Sultan Bathery, April 23: The violent evacuation by the police two months ago of hundreds of tribals from the Muthanga elephant sanctuary has in no way diminished “the encroaching spirit” of the landless tribals of Kerala. The tribals of Wayanad district have again started regrouping and encroaching on government land.
There is a major difference this time in the pattern and method of occupying land. The “present movement” is spearheaded by adivasi front organisations of mainstream political parties, including the Congress and the Opposition CPM, unlike the Muthanga encroachment, which was led by the Adivasi Gothra Mahasabha (AGS), an independent organisation of tribals.
The most visible encroachment has taken place at the 110-hectare pepper and coffee plantation of the Kerala Forest Development Corporation at Cheeyambam. Around 260 tribal labourers have forcefully entered the premises and put up tents. Interestingly, most of them are members of the pro-Congress Intuc, who had no hesitation in joining hands with the CPI-led Aituc union at the estate in putting up a joint platform of agitation.
The “encroachers” are also unanimous in criticising the failure of the Congress-led UDF government in keeping its promise to divide and distribute the plantation among the permanent and casual tribal workers.
Curiously, the police and other law enforcement agencies that vociferously campaigned against the “violation of rules and laws” when the AGS occupied the Muthanga sanctuary have so far remained silent on the Cheeyambam encroachment.
The developments at Cheeyambam have proved an embarrassment for the Congress leadership in the district. In the midst of this new land-occupying initiative, AGS leader C.K. Janu, who was released from jail last week, is touring tribal colonies to regroup her followers.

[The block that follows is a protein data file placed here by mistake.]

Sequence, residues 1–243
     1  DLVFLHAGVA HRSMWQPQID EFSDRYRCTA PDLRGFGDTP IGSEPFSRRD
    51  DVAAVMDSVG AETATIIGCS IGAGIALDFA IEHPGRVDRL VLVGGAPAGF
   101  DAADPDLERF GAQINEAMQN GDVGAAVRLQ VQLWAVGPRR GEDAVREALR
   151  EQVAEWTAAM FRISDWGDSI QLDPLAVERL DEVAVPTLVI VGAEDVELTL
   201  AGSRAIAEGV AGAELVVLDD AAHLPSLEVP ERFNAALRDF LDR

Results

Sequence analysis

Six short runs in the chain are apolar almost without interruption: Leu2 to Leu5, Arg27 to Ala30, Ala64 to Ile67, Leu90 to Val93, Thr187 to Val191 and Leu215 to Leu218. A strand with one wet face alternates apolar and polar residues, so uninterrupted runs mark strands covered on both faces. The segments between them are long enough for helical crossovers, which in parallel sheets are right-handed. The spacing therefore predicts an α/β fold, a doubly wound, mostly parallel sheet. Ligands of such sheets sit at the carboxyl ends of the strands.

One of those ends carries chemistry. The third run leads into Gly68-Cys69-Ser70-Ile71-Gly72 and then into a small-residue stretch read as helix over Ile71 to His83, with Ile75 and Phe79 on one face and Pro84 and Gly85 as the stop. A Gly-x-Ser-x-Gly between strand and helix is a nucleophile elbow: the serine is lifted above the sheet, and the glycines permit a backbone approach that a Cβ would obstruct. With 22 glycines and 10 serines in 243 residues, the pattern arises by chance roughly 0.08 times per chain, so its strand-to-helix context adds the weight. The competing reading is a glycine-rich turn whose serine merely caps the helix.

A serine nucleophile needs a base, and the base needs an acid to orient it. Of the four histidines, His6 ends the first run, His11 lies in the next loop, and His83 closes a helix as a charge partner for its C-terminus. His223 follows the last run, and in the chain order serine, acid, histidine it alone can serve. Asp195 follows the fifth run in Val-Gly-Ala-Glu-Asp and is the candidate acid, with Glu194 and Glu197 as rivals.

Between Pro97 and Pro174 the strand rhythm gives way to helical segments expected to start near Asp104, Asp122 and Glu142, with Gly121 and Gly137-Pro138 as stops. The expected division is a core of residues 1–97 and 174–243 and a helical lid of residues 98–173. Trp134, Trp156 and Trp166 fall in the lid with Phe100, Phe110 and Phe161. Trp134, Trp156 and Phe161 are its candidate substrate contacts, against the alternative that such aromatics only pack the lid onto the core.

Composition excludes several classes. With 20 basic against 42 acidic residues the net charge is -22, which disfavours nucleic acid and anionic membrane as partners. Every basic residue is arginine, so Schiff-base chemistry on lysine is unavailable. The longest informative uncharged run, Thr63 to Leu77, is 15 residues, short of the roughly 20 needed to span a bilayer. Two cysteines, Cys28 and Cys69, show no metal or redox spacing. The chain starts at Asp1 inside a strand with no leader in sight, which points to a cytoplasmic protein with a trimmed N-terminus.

Indications are that she has not had much success. The AGS, say local observers, remains splintered and is incapable of organising another struggle in the immediate future.
AGS strongholds like the Pulithukky, Theendoor, Panavally, Chaligaddha and Payyampally colonies are yet to respond positively to the call to engage in another round of battle for land. Mahasabha leaders from Idukki, Kottayam and Pathanamthitta districts have started visiting each colony, meeting the workers to apprise them of the need to continue the struggle.
Reports suggest that the Adivasi Kshema Samithy (AKS), the tribal wing of the CPM, has succeeded in winning over former AGS activists. The AKS is apparently planning new “movements” to occupy forest and government lands in at least four more centres.
There are also reports that taking a cue from the workers with the Cheeyambam plantation, tribal labourers of the Suganthagiri Cardamom Project, Pookode Dairy Project, Priyadarsini Tea Estate and the Cheengery Group Farming Centre are also planning to encroach into their respective estates.
Clearly, the tribal struggle in Kerala looks set to enter a new phase this summer.